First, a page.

The Avengers—Captain America, Storm, Hulk, Spider-Man, Giant-Girl, Iron Man, and Wolverine—battle evil in an all-ages format.
Our story opens with the Avengers battling trees in Ireland. Apparently, weird mystical events are occurring all across the Northern Hemisphere, and this is the latest manifestation. Between Storm's winds and Spidey's webbing, the trees are quickly subdued. As the Avengers ponder what to do next, two ravens fly up and try to attract Storm's attention.
Storm, who is apparently a Norse-mythology buff (who knew?) recognizes these ravens as Hugin and Munin, Odin's companions, and deduces that Asgard is in trouble. The Avengers race off to Norway in their Quinjet; while in transit, they reminisce about their old comrade-in-arms Thor. Thor is the (ahem) golden boy of the Avengers: Storm admires his way with thunderstorms, Wolverine admires his willingness to fight crime with a giant hammer, and the rest just admire him generally. Only Spider-Man, it seems, hasn't worked with Thor in the past, and he learns the hard way you shouldn't crack jokes about everyone's favourite Avenger.
In Norway, the ravens open a portal to the Rainbow Bridge, and the Quinjet arrives with a bang in Asgard. But Heimdall isn't on hand to welcome the newcomers; instead, the Quinjet is assaulted by siege engines. It seems the Dark Elves, led by the sorcerer Malekith, have invaded Asgard and disposed of the Asgardians somehow. The Avengers waste no time throwing down with the Dark Elves-- "Elves! Knock [Storm] from the sky!" cries Malekith. "She must be stopped first!"-- and the Elves take the worst of it. Luckily for Malekith, he has powerful allies. A band of Frost Giants arrives, demanding the rocks that are their due. Malekith pretends that the Avengers mean to keep the rocks for themselves, and the Frost Giants immediately make with the violence (and bad singing).
Things cease to go well for the Avengers. Iron Man gets knocked out of the sky, Hulk and Wolverine get crushed beneath giant hammers, Giant-Girl gets pawed, and Spidey gets backhanded into a big rock.
Spidey ponders the rocks for a moment, then asks Storm to fire some lightning his way. Storm, baffled, complies nonetheless, and in a flash the stone is transformed into an Asgardian warrior! (One of the Warriors Three, I think, but don't quote me on that.) As Storm uses her lightning to free more Asgardians, Spidey explains all the clues that we readers missed: the ravens, and Malekith in his own way, were excited by Storm; the Frost Giants seemed unduly interested in rocks; and so forth.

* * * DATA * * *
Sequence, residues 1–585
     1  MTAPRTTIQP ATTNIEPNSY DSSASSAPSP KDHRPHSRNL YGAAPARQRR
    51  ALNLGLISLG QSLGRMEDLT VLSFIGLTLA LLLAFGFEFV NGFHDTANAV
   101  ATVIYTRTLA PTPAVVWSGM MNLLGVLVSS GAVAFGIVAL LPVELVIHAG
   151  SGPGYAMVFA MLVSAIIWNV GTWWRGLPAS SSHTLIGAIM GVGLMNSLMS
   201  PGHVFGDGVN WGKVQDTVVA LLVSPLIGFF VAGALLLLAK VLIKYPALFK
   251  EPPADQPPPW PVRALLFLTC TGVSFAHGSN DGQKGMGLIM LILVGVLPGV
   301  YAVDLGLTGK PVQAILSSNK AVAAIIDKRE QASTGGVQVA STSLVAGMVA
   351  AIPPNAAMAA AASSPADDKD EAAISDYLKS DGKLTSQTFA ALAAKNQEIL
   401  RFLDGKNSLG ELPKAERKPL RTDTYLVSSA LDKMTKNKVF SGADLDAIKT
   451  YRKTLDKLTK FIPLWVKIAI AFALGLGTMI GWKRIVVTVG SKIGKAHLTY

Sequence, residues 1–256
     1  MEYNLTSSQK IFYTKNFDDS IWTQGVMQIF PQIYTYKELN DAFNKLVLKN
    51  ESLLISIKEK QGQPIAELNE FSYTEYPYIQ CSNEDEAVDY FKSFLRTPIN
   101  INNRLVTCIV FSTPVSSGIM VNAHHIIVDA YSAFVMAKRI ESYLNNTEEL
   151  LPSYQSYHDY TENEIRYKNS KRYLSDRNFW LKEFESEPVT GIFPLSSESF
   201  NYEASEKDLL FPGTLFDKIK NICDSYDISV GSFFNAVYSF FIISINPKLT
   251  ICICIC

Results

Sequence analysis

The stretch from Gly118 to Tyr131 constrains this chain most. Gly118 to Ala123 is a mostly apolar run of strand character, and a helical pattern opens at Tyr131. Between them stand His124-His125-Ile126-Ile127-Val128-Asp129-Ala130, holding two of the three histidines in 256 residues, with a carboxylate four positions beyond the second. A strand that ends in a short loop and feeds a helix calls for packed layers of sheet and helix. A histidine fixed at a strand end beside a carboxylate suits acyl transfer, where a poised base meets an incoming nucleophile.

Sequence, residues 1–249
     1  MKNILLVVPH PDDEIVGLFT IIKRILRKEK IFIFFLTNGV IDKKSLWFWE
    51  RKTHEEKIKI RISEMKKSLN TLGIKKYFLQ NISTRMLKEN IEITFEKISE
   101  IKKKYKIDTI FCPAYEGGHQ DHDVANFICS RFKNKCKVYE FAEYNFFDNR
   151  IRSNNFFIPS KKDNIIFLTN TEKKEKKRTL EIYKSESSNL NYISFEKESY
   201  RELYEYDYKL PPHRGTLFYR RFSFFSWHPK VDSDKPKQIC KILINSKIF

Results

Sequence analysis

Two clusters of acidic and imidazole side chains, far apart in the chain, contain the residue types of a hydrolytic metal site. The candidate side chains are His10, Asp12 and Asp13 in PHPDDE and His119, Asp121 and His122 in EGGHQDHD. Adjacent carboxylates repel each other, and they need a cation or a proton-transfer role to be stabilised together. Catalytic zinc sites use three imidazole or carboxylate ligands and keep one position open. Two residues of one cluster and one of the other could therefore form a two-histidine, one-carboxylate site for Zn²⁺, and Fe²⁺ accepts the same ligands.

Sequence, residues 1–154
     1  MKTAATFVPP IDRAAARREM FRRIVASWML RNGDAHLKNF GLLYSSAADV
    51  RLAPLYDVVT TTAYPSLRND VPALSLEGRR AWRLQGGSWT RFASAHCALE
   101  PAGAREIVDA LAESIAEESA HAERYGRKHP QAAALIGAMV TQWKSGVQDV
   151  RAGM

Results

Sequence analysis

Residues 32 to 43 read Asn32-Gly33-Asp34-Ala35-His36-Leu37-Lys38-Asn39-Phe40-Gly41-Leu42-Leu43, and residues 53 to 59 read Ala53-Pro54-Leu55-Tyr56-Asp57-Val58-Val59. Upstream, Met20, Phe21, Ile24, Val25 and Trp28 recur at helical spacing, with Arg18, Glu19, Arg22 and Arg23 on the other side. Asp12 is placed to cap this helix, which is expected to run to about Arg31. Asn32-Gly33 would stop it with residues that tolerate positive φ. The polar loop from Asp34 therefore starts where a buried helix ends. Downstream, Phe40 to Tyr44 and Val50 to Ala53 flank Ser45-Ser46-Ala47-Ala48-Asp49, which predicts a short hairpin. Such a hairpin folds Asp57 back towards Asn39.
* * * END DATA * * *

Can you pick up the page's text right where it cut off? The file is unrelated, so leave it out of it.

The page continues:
All of this exposition is interrupted when Storm manages to blast the rock imprisoning Thor, who appears in splash-page glory. Malekith tries to curse him into stone a second time, but a quick blow from Captain America dissuades the elven general, who flees from the battlefield like a coward. Leaderless and facing an army of angry Asgardians, Thor not least, the Dark Elves and Giants quickly are routed, and the day is saved!
Our issue concludes with the heroes and Asgardians settling down for a gigantic feast. (As far as I could tell the Asgardians didn't bind and gag their bard for the affair. Guess they don't read Asterix.) Singled out for praise by the God of Thunder, Spider-Man learns just why it is that the Avengers love Thor.
Not a lot to shout about here. We saw the Avengers go to war against an epic-fantasy-style army as recently as last issue, which reduces the fun. The big climax to the issue is Spider-Man solving a mystery that we readers didn't realize was a mystery until it was solved, which also reduces the fun. And plot holes abound: why did the imprisonment of the Asgardians make Irish trees start attacking people? Who wrote the message on the tree bark warning the Avengers not to go to Asgard? (See, it was never followed up on, so I didn't mention it in the synopsis.) Where is Odin while all of this is going on? Why should lightning unpetrify the Asgardians? If the Avengers have so much history with Thor, why did none of them recognize Loki for what he was back in issues #5-8? and why didn't they ask Thor for help?
None of these are serious flaws, but they don't help one enjoy the issue, either. And the story as a whole is so uninspiring that it doesn't give you any reason to look past them.
Eh, it was okay at best. Give it two webs. If you haven't picked this one up yet, don't bother.
Next issue, old home week continues as Hawkeye makes an appearance! Who's next, the Vision? Quicksilver? Jocasta? Triathlon?
This book is on the verge of being overpopulated already. The last thing it needs is a parade of guest stars...